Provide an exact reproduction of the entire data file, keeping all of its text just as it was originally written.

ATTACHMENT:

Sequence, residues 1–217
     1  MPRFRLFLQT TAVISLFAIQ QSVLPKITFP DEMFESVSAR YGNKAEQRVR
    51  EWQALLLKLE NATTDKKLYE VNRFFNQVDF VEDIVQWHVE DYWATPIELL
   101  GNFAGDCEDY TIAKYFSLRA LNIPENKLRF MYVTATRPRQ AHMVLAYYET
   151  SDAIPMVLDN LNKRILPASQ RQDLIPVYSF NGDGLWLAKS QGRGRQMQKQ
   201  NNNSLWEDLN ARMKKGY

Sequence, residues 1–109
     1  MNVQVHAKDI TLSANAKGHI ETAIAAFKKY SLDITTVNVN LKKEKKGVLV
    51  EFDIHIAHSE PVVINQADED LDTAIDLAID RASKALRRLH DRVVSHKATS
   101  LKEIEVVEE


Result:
Sequence, residues 1–217
     1  MPRFRLFLQT TAVISLFAIQ QSVLPKITFP DEMFESVSAR YGNKAEQRVR
    51  EWQALLLKLE NATTDKKLYE VNRFFNQVDF VEDIVQWHVE DYWATPIELL
   101  GNFAGDCEDY TIAKYFSLRA LNIPENKLRF MYVTATRPRQ AHMVLAYYET
   151  SDAIPMVLDN LNKRILPASQ RQDLIPVYSF NGDGLWLAKS QGRGRQMQKQ
   201  NNNSLWEDLN ARMKKGY

Sequence, residues 1–109
     1  MNVQVHAKDI TLSANAKGHI ETAIAAFKKY SLDITTVNVN LKKEKKGVLV
    51  EFDIHIAHSE PVVINQADED LDTAIDLAID RASKALRRLH DRVVSHKATS
   101  LKEIEVVEE